Changes for Australian employers seeking overseas workers

01 April 2005


Australia's Department of Immigration and Multicultural and Indigenous Affairs ("DIMIA") have announced legislative changes effective April 2005. The changes relate to the sponsoring of overseas workers by Australian employers. This legal update outlines the changes for both the Temporary (Long Stay) Visa subclass 457 and the Employer Nomination Scheme Visa subclasses 121 (offshore) or 856 (onshore). It provides crucial information for all employers seeking to sponsor temporary or permanent overseas workers.

The implications of the new laws are that Australian employers will now need to plan ahead when attempting to fill vacancies with overseas skilled staff. Employers may find it preferable to sponsor workers for a preliminary period of two years on a temporary subclass 457 visa prior to sponsorship for permanent residency depending on age, skill levels and experience. Where the minimum salary requirements are met, the removal of labour market testing requirements for sponsors and onshore processing for permanent visa applicants under the Employer Nomination Scheme will significantly reduce the delay in obtaining suitably qualified staff from overseas.

The main changes to the Temporary Business (Long Stay) Visa subclass 457 are that the minimum annual base salary level for IT professionals will increase to $50,775, while the minimum annual base salary level for other occupations will increase to $39,100. The salary increase does not apply to current sponsored overseas workers who already hold a valid subclass 457 visa approved at a lower salary level. However, the higher base salary levels will apply when that person seeks to renew their visa or change sponsor.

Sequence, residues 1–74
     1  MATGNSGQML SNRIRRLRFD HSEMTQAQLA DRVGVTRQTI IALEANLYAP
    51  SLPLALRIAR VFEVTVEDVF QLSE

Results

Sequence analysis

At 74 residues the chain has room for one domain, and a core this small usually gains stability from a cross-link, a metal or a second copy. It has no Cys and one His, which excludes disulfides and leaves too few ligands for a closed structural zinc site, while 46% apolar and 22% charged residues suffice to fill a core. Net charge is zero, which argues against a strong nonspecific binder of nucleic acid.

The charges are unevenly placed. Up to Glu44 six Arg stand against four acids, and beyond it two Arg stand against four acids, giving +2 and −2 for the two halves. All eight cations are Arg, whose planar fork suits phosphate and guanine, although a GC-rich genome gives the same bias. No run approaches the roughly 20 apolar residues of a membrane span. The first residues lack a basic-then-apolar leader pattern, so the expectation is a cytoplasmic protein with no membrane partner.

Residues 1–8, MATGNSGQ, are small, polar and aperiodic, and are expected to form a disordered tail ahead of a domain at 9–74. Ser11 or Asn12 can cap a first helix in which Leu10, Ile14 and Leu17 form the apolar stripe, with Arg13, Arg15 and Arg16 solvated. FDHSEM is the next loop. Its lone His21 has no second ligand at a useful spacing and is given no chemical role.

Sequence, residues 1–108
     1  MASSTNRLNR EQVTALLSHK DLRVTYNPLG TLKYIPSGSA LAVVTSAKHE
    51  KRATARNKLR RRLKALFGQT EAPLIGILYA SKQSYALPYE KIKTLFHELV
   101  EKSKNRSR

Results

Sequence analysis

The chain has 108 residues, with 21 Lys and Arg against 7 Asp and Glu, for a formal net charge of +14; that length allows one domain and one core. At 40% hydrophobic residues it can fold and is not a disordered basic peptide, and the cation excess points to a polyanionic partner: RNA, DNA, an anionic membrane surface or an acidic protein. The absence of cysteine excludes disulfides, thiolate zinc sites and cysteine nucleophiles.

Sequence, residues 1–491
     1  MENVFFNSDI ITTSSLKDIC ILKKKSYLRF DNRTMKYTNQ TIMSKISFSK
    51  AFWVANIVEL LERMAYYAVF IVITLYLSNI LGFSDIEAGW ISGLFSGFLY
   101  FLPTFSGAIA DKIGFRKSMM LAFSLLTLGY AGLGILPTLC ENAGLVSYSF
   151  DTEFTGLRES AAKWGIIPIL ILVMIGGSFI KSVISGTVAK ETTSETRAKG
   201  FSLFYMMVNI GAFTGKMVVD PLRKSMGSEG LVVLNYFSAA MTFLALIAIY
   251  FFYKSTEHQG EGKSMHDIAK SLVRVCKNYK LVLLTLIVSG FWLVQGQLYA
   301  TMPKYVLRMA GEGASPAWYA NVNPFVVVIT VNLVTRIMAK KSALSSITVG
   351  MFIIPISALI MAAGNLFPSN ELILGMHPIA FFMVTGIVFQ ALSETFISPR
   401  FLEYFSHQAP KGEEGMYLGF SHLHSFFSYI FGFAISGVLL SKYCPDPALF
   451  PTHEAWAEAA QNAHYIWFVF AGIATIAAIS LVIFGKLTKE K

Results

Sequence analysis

The main change to the Employer Nomination Scheme (ENS) permanent residency visas is that the DIMIA are refining the current 'highly skilled' definition by introducing a list of acceptable skilled occupations, 'the ENS Skilled Occupation List' with designated skills assessment bodies where formal skills assessment is required.

Under these changes, visa applicants would be required to have done one of three things. The first possibility is that they have worked in the nominated occupation in Australia (while on a temporary residence visa) for at least two years, and have worked in the nominated position for the nominating employer for at least one year immediately prior to applying. The second possibility is that they have three years post-training experience in the nominated occupation, and have their skills formally assessed by the relevant skills assessing body in Australia. The third possibility is that they have been nominated for a senior management position which attracts a base salary of more than $151,500.